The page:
In the High Court at Calcutta
Criminal Appellate Jurisdiction
The Hon’ble Justice Sahidullah Munshi.
The Hon’ble Justice Subhasis Dasgupta.
CRA No. 472 of 2007
State of West Bengal
For the Appellant : Mr. Navanil De, adv.
For the State : Mr. Sanjoy Bardhan, adv.
Mr. Arup Sarkar, adv.
Heard on : 20.12.2019,06.02.2020 11.02.2020
Judgment on : 28.02.2020
Subhasis Dasgupta, J:-
This appeal emerges out of an order of conviction and sentence. Learned
Additional Sessions Judge, Islampur, Uttar Dinajpur in Sessions trial No.09/07
arising out of Sessions Case No. 03/07 convicted accused/appellant under
Section 376 of the Indian Penal Code and sentenced him to suffer rigorous
imprisonment for eight (8) years and pay fine of Rs.3000/-(Rupees three
thousand) in default to suffer rigorous imprisonment for one year for the offence
under Section 376 of Indian Penal Code.
established during trial precisely may be mentioned as follows for
perfectly addressing the issues raised in this appeal.
The victim/prosecutrix being urged by nature came out of her room on
20/21.06.2005, night for urinating purpose, when suddenly accused caught hold
of her, gagged her mouth, took her away to nearby mango garden and finally
committed rape upon her against her wish under a threat with dire consequence,
leaving behind a promise of marriage therefor. About two months before also in a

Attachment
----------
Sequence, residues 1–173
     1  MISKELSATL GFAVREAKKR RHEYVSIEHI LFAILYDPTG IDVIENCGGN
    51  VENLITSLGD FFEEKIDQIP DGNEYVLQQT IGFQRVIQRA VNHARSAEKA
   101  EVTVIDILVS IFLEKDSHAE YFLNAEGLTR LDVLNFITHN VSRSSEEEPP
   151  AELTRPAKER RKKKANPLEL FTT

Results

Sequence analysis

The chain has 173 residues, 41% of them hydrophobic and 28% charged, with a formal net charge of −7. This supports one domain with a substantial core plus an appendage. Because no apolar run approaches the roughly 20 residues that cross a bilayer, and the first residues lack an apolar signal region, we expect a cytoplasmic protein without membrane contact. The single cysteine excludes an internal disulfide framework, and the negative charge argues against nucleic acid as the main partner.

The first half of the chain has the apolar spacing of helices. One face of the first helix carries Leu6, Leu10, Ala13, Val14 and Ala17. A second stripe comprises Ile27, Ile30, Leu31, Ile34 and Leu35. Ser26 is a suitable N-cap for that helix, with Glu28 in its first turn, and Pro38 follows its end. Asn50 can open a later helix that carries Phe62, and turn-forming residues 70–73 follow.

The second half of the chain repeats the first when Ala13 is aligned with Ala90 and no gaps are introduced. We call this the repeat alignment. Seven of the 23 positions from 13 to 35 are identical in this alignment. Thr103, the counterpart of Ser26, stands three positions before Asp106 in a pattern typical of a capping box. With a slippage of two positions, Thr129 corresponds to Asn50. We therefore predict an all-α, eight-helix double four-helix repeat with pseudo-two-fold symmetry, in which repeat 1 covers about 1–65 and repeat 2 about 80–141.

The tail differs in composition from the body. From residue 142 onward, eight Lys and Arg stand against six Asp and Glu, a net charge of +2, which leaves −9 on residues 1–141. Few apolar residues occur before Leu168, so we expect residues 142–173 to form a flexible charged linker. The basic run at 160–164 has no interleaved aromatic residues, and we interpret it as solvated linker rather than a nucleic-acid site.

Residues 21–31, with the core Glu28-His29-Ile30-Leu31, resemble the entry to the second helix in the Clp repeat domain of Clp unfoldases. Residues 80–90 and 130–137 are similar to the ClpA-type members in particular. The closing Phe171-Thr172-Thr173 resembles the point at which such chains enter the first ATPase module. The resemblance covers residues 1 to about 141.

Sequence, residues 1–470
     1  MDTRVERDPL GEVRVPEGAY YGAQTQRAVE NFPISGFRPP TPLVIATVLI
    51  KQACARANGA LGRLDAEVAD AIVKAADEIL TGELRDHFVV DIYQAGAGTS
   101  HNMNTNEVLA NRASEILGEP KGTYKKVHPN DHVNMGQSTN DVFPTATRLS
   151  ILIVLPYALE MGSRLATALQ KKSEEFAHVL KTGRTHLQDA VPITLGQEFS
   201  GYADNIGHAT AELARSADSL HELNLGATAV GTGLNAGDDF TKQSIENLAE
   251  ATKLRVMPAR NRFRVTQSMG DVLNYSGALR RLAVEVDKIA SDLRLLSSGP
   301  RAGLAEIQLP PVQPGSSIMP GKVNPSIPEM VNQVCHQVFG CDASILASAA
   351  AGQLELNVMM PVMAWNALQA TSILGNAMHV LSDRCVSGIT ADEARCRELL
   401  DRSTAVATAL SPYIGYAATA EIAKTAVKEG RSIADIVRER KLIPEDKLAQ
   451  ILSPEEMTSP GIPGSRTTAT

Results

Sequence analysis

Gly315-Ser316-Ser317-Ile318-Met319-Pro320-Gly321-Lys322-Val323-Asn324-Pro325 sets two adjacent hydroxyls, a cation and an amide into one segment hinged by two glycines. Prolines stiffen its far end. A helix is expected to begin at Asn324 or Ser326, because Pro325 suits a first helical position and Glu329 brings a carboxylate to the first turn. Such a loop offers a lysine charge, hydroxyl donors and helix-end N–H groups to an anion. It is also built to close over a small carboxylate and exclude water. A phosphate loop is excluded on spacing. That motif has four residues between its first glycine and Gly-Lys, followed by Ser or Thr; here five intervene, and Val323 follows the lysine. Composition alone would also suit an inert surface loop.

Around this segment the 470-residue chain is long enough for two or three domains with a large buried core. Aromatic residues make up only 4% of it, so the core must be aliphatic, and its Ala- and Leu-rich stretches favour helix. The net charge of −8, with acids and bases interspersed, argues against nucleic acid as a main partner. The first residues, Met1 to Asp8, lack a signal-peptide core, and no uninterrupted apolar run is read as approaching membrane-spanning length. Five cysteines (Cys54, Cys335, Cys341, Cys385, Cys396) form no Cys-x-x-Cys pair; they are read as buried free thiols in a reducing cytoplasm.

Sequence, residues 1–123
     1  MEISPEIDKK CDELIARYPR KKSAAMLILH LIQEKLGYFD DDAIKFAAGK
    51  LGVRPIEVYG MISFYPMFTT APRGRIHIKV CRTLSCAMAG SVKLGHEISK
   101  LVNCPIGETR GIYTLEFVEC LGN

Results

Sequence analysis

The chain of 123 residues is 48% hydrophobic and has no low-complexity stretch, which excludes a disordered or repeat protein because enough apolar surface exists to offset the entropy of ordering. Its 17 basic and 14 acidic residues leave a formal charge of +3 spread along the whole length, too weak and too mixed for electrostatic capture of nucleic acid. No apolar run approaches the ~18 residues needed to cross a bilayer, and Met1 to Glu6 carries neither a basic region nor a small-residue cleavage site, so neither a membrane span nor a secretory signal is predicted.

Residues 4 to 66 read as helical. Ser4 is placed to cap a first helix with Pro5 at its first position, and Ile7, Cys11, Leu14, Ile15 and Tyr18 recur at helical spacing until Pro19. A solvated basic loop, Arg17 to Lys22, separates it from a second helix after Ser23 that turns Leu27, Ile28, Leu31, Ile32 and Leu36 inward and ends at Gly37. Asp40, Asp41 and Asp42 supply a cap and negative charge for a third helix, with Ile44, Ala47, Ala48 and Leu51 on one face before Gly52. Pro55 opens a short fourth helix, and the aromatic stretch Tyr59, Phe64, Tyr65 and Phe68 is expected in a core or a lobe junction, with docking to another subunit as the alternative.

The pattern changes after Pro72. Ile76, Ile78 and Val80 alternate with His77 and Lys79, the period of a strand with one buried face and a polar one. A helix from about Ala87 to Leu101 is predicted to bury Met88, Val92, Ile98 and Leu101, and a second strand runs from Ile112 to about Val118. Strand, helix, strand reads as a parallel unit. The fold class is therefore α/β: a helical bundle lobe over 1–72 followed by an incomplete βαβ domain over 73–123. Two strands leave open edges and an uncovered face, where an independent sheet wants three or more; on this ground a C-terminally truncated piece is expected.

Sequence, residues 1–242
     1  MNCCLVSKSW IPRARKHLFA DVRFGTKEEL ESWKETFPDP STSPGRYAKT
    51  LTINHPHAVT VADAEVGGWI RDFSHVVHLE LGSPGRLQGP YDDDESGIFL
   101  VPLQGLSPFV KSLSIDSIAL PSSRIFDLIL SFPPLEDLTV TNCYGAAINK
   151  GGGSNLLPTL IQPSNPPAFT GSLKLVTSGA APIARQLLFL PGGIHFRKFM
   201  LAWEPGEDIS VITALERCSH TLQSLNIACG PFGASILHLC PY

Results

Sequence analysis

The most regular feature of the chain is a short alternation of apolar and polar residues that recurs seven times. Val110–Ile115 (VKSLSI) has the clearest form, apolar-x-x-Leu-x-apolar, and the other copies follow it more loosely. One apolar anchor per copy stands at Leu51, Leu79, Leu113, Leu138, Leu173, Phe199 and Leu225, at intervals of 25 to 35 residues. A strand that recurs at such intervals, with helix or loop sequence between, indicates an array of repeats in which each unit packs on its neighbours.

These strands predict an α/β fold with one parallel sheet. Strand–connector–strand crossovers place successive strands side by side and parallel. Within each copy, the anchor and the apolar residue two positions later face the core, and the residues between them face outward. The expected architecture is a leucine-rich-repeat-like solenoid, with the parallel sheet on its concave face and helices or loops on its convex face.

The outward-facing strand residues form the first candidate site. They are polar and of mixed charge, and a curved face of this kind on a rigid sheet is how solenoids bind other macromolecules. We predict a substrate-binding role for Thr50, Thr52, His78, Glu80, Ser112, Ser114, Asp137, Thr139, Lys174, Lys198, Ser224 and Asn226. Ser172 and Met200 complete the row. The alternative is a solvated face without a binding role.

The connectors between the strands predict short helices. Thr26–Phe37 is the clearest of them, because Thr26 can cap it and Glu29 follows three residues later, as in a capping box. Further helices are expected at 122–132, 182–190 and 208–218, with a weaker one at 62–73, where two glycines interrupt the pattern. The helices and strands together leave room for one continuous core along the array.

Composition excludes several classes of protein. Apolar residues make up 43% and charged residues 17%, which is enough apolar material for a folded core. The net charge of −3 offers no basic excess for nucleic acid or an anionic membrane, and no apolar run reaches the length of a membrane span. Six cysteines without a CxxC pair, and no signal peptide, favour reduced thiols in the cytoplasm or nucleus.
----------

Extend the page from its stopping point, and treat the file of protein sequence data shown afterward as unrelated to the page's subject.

similar manner accused/appellant did sex with victim girl by doing violation after
forcibly taking her to a jute filed, when victim went to the field for bringing back
goats from field. Victim received threat from accused/appellant with a promise to
marry this time too. She lost her sense receiving assault from accused, when she
tried to get into the house of accused. She was rescued by her parents and
villagers on the following morning. Ultimately, accused refused to marry the
victim on being challenged with the incident by parents of the victim, when
accused/appellant also threatened victim and her family members with dire
consequence. A child was, however, born to victim/prosecutrix.
Police started investigation after receiving a complaint from victim herself,
subjected the victim to Ossification Test for determination of her age, collected
the statement of victim recorded under Section 164 Cr.P.C. by learned
Magistrate, and finally concluded the investigation submitting charge sheet
against the accused/appellant.
Trial Court conducted the trial after framing charge under Sections
376/506/418 I.P.C. with collection of as many as six (6) witnesses, and
thereafter learned Judge conducting the trial held the accused to be guilty of
offence under Section 376 I.P.C. and awarded him sentence accordingly,
At the very beginning of this case this may be put on record that due to the
absence of learned advocate for the appellant, a report from the concerned
correctional home was obtained to know about status of the accused/appellant,
and ultimately we decided to proceed with the appeal taking assistance of Mr.
Navanil De, as amicus curiae for accused/appellant.
Mr. Navanil De, learned amicus curiae, while challenging the order of
conviction submitted that the learned Trial Judge failed to appreciate the
consensual sexual acts performed between the parties in context with a promise
to marry in its true perspective, and held the accused person guilty most illegally,
disbelieving the consent, voluntarily given by victim/prosecutrix.